National Volunteer Week will be commemorated in Australia from 15 – 21 May 2023.
Over 3 million Queenslanders volunteer 900 million hours of their time each year. This has an extraordinary benefit to our communities, to our families and to the environment.
However, are there any matters to consider at your workplace if you have any volunteers?
Generally speaking, there is no specific definition of a volunteer in any particular law or legislation.
A volunteer is generally defined as a person who provides services for a charity or other entity for free.
It will generally be found to be a volunteer relationship if:
- The parties did not intend to create a legally binding relationship
- The person is under no obligation to attend the workplace or perform work
- The person does not expect to be paid for their work
The organisation that is being assisted by the volunteer owes to the volunteer a duty to ensure that reasonable steps are taken to prevent injury. All organisations should think carefully about insurance. Workers compensation insurance generally covers employees only. Ensure that other people at your workplace are covered. Do you have a policy for volunteer personal accident insurance?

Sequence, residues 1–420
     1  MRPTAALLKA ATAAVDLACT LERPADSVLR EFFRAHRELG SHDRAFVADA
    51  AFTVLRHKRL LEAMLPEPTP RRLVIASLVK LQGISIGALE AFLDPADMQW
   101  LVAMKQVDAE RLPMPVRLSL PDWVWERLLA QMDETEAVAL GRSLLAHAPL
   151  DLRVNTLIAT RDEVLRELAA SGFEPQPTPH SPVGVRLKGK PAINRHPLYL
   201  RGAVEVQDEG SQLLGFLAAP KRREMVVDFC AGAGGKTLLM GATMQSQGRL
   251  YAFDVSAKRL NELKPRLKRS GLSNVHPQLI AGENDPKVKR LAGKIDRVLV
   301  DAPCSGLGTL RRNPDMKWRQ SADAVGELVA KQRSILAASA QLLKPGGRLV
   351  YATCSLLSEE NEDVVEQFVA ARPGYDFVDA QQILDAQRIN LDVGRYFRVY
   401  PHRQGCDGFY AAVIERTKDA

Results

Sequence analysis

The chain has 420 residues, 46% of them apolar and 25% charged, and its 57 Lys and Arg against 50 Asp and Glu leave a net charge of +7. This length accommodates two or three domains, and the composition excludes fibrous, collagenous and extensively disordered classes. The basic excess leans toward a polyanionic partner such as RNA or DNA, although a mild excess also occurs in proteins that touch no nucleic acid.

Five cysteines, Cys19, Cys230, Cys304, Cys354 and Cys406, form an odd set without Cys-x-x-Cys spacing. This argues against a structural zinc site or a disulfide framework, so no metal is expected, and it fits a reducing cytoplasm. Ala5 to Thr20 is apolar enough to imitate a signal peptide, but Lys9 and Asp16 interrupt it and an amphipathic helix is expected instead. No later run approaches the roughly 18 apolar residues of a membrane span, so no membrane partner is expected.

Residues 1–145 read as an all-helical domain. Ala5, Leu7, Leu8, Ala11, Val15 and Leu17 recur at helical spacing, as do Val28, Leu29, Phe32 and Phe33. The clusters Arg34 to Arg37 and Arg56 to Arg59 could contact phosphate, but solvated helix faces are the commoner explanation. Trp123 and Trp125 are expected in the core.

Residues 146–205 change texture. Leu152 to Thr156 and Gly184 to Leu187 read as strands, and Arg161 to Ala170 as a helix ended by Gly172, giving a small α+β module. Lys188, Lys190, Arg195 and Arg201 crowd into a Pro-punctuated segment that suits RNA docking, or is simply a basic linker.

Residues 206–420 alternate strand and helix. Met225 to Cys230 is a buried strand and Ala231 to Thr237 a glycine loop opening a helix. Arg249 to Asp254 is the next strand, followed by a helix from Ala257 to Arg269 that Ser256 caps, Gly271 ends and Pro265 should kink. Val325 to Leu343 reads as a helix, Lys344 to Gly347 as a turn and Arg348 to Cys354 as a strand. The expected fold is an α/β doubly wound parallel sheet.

It is important to note that the law applies differently to different ‘categories’ of people in the workplace. Being clear about a person’s status helps protect the rights and safety or people involved in your organisation.
Wrongly classifying someone may be a financial risk for your organization. Seek advice early if you are unsure about the basis on which you engage a person to do work.
If you or your organisation have any questions regarding the law around volunteers, or if you require any assistance with policies or training, please let us know. We would be happy to assist.